Last Updated on June 7, 2014 by Andrew Culture
When the scheme for the Barclays Cycle Hire was announced, critics all over London hi-fived each other. It was seen as game-changing and people pointed and laughed at those silly 4-wheeled vehicles that took up most of the road.
“Cars? Those things are soooo 2009.”
This bright idea was going to change the way Londoners commuted to work. The mayor of London, Boris Johnson, licked his chops at the thought of its success.
“Imagine, my bikes all over London weaving in and out of the city. It will be so popular that we might run out. We would need to expand and then expand again. And what about the sales of tight-fitting biker shorts? We need to make sure we have enough. This is going to be the hottest thing since sliced bread.”
And he was right, well, not about the biker shorts, but the need to expand. It was successful and even had a generous sponsor to smack a blue colored logo on it. Barclays signed a meager deal for five years. Then one day, his beautiful blue bikes were everywhere. Docking stations littered the streets and riders began to call those bikes, “Boris bikes.”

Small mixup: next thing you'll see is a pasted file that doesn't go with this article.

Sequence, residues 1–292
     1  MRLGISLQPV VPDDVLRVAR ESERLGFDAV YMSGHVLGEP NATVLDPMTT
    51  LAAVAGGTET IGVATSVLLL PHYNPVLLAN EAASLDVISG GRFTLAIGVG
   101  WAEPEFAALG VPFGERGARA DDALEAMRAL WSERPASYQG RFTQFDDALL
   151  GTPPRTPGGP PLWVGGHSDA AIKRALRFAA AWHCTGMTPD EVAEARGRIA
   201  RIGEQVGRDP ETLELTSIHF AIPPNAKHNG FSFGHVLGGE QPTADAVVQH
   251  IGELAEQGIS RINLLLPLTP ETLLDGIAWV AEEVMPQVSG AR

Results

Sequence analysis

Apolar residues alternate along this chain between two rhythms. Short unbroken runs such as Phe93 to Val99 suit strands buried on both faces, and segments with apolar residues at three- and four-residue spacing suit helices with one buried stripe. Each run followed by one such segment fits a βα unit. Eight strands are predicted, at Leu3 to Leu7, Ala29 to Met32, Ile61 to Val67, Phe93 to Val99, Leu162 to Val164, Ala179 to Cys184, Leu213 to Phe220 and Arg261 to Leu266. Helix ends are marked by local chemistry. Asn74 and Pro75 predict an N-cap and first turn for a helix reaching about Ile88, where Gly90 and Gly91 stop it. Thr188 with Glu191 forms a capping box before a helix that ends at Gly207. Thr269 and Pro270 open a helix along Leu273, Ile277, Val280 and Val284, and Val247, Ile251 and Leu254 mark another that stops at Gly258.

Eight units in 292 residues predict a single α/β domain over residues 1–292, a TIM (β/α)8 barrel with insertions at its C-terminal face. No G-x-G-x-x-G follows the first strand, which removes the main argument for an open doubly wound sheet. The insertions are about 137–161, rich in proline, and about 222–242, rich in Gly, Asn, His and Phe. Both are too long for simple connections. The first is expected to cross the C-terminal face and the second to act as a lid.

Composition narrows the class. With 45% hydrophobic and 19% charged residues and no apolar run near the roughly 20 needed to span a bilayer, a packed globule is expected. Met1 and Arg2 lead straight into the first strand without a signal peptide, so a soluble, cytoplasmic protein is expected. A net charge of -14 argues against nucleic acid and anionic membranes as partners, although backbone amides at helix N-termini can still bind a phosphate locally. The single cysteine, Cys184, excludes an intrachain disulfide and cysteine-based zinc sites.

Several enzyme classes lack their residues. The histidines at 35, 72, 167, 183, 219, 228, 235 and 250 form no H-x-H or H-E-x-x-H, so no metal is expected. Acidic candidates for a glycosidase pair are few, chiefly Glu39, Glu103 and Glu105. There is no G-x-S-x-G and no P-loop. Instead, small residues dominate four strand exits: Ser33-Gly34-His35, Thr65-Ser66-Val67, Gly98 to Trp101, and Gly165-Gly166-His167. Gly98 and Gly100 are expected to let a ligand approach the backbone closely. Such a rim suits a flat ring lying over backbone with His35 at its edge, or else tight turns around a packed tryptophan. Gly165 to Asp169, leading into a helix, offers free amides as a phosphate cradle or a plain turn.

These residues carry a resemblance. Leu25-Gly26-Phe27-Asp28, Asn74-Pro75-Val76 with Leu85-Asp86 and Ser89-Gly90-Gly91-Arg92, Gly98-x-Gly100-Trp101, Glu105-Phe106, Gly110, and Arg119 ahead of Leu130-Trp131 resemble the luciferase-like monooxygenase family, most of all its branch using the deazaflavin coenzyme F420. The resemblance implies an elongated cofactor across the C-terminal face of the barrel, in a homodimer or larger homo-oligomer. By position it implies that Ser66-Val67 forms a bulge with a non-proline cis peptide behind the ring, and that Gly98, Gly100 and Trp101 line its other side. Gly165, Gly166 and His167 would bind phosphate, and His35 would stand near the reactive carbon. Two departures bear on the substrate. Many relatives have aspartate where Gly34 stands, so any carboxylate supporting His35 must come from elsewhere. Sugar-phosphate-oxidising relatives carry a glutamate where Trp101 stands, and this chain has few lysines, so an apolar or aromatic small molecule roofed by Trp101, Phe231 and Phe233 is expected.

They did what they were supposed to do. Want to see the beautiful sights of London? Hop on a bike. How about taking in some scenery while shopping? Stop by a docking station and make a quick friend.
But, I don’t think Boris saw this coming. His bikes are starting to become symbols of protest for FightMe.
“We wanted to creatively be part of doing something different,” said CEO Joelle Hadfield. And FightMe does just that, BMX riders Andrei Burton and Joe Seddon can be seen taking these Boris bikes to places they have never been before including famous landmarks and tourist areas.
Impressive, yes, but there is a bigger cause here. These videos show a lack of space for thrilling displays of Boris-bikedom shown here. And that is what FightMe is trying to do, grant proper avenue for our youth to express themselves creatively.